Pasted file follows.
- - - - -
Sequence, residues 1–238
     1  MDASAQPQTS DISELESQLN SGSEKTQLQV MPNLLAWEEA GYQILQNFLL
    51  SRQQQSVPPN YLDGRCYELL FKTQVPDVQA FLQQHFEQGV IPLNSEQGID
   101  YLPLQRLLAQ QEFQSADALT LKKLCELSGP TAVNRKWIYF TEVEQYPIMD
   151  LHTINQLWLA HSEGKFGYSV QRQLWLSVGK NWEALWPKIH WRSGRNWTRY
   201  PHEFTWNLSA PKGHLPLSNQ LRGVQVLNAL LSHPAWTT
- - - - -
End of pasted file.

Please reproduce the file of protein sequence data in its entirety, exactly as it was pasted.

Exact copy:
Sequence, residues 1–238
     1  MDASAQPQTS DISELESQLN SGSEKTQLQV MPNLLAWEEA GYQILQNFLL
    51  SRQQQSVPPN YLDGRCYELL FKTQVPDVQA FLQQHFEQGV IPLNSEQGID
   101  YLPLQRLLAQ QEFQSADALT LKKLCELSGP TAVNRKWIYF TEVEQYPIMD
   151  LHTINQLWLA HSEGKFGYSV QRQLWLSVGK NWEALWPKIH WRSGRNWTRY
   201  PHEFTWNLSA PKGHLPLSNQ LRGVQVLNAL LSHPAWTT